• 44 lower frame
  • 46 bullet-proof layer
  • 48 water-proof layer
  • 50 body of vehicle
DESCRIPTION OF THE PREFERRED EMBODIMENT

To better understand the preferred embodiment, the following description of figures is useful.

1. Detailed Description of the Figures

FIG. 1 is a perspective view of an individual panel of the protective cover, showing all layers involved. Rounded pad 20 is indicated at the top and bottom of the protective cover. Below and attached to rounded pad 20 is upper frame 34. Insulated wire 36 enters and exits each panel of the protective cover through upper frame 34. The parallel configuration of soft iron bars 38 is shown in FIG. 1 with the positive side (iron head 40) next to an adjacent electromagnet and its negative side (iron bar 38). The soft iron bars (plus iron heads) are housed within a rubber panel 42. According to the shape of soft iron bar 38 and head 40, a pattern is cut-out in the rubber panel with inlaid pattern 42. By housing the electromagnets in a rubber panel, movement of electromagnets is restricted. With current, insulated wire 36, tightly wound around each soft iron bar, creates a magnetic field around each soft iron bar 38. Iron head 40 becomes the side of the electromagnet with attraction to the steel body of a vehicle. Also depicted in FIG. 1 is a bullet-proof layer 46 over the electromagnets. Finally, over the protective panel, a water-proof layer 48 is seen. At the bottom of the protective cover, lower frame 44 provides support.

FIG. 2 is a perspective view of an individual panel of the protective cover as in FIG. 1 but minus the outer two layers (bullet-proof layer 46 and water-proof layer 48).

FIG. 3 is a front view of an individual panel of the protective cover. In FIG. 3, rounded pad 20 is connected to upper frame 34. Through upper frame 34, insulated wire 36 connects from panel to adjacent panel. In the rubber panel with inlaid pattern 42, electromagnets consisting of iron bar 38 and iron head 40 are shown. At the bottom of the panel and attached to rounded pad 20 is lower frame 44.

FIG. 4 is a cross-sectional view of an individual panel of the protective cover, as attached directly with iron head 40 to body of vehicle 50. The upper frame 34 connects to rounded pad 20, upper part of the electromagnet or iron head 40, bullet-proof layer 46, and water-proof layer 48. At the bottom of the protective cover is lower frame 44, connected to rounded pad 20.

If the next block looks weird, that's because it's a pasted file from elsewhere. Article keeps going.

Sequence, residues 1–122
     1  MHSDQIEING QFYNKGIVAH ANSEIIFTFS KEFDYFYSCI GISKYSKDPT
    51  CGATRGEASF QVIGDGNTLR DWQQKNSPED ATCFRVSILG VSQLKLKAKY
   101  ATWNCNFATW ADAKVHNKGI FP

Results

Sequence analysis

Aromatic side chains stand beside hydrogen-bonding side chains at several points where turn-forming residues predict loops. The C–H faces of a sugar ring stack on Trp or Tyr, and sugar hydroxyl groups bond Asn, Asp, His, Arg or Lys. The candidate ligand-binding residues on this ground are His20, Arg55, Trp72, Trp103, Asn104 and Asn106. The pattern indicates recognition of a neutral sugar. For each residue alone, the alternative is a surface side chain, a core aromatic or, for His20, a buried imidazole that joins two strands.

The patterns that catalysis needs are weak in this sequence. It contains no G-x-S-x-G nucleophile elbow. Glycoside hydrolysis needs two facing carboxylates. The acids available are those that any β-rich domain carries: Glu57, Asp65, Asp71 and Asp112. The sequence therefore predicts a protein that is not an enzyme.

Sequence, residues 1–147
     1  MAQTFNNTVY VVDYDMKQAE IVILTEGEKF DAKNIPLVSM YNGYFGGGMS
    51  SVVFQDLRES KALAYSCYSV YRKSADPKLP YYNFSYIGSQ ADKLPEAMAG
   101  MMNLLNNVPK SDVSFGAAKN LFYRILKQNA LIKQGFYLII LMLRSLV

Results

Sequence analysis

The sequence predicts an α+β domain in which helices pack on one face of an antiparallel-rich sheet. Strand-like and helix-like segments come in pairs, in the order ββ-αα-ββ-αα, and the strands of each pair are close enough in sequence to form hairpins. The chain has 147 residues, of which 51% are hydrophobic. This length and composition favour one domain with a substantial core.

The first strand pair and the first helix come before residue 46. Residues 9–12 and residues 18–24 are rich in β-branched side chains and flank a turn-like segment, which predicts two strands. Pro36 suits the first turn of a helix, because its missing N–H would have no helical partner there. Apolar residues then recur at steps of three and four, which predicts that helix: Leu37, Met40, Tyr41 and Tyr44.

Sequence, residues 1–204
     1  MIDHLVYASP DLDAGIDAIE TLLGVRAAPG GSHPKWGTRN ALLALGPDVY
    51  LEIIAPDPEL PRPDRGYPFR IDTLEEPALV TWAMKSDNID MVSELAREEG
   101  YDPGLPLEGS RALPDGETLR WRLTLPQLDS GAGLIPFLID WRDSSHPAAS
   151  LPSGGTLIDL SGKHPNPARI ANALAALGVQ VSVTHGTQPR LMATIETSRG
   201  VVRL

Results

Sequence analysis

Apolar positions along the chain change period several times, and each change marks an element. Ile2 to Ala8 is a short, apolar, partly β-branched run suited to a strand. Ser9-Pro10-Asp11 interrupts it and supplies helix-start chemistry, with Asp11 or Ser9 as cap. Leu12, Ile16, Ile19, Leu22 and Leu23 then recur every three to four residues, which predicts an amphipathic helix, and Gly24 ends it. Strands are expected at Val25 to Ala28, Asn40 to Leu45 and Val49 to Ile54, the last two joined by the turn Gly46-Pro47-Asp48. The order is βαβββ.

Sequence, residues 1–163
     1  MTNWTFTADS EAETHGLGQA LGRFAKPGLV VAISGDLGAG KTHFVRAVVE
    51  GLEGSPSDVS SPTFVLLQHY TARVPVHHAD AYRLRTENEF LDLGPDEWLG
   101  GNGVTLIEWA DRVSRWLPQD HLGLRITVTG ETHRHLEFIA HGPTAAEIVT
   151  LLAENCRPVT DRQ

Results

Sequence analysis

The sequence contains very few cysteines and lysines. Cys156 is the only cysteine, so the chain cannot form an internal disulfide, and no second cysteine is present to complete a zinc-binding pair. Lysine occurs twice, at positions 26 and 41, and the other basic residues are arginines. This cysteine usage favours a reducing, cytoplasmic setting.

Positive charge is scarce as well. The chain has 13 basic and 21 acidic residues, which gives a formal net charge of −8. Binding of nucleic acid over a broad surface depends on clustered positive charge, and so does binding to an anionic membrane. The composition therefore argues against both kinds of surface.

In FIG. 5, protective cover 10 is shown in a perspective view, unattached to a vehicle. All perforations are closed, including main strap 12, main strap lock 14, and underside lock 16. Forming a frame on the top and bottom of protective cover 10 is rounded pad 20, and latch on rounded pad 22.

In FIG. 6, protective cover 10 is shown in a perspective view as in FIG. 5 with the addition of electromagnets, indicated by iron bar 38 and iron head 40. All perforations are closed. All components are shown as in FIG. 5, including main strap 12, main strap lock 14, underside lock 16, rounded pad 20, and latch on rounded pad 22.

In FIG. 7, protective cover 10 is shown in a perspective view but the perforations are opened, symbolizing attaching or detaching the protective cover. Main strap 12 and main strap lock 14 are unfastened. Below the vehicle, the location of underside lock 16 is indicated. Rounded pad 20 opens at the door, as well as at the front and rear of the vehicle. The Velcro.RTM cover 24 is opened at the door, as well as at the front and rear of the vehicle. Along the perforations at the hinge side of the door is zipper 26. Along the perforations at the doors, fasteners 28 are shown and meant for quick release and reattachment. Electrical plug 30 and electrical socket 32 are indicated in FIG. 7.

In FIG. 8, protective cover 10 is shown in a perspective view as attached to the exterior of a vehicle, but all perforations are opened. Main strap 12 and main strap lock 14 are opened. Underside lock 16, located under the front bumper, is opened. At the door opening, on the end of rounded pad 20, latch on rounded pad 22 is opened. The Velcro.RTM cover 24 is also opened.

In FIG. 9, protective cover 10 is shown in a perspective view as attached to the exterior of a vehicle as in FIG. 8, but all perforations are closed. Main strap 12 and main strap lock 14 are closed. Underside lock 16, located under the front bumper, is closed. At the door opening, latch on rounded pad 22 is closed, and rounded pad 20 forms a frames along the perimeter of the vehicle. The Velcro.RTM cover 24 is also closed.

Patent Citations
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Referenced by
Citing PatentFiling datePublication dateApplicantTitle
US7805767Oct 6, 2008Oct 5, 2010Bae Systems Land & ArmamentsBody armor plate having integrated electronics modules
US8209064Apr 27, 2009Jun 26, 2012Segall Stuart CBallistic robotic vehicle
US8365648 *May 15, 2008Feb 5, 2013The Right Problem LlcHighly survivable urban utility vehicle (HSUUV)
US8502506Jan 15, 2010Aug 6, 2013Bae Systems Aerospace & Defense Group Inc.Portable electrical power source for incorporation with an armored garment
US8783611 *Oct 11, 2007Jul 22, 2014Bell Helicopter Textron Inc.Jettisonable armor
US20110252954 *Oct 11, 2007Oct 20, 2011Bell Helicopter Textron Inc.Jettisonable armor
Classifications
U.S. Classification89/36.08, 89/36.02, 296/136.02, 296/187.07
International ClassificationF41H7/02
Cooperative ClassificationF41H7/04
European ClassificationF41H7/04
Legal Events
DateCodeEventDescription
Jul 19, 2011FPExpired due to failure to pay maintenance fee
Effective date: 20110529
May 29, 2011LAPSLapse for failure to pay maintenance fees
Jan 3, 2011REMIMaintenance fee reminder mailed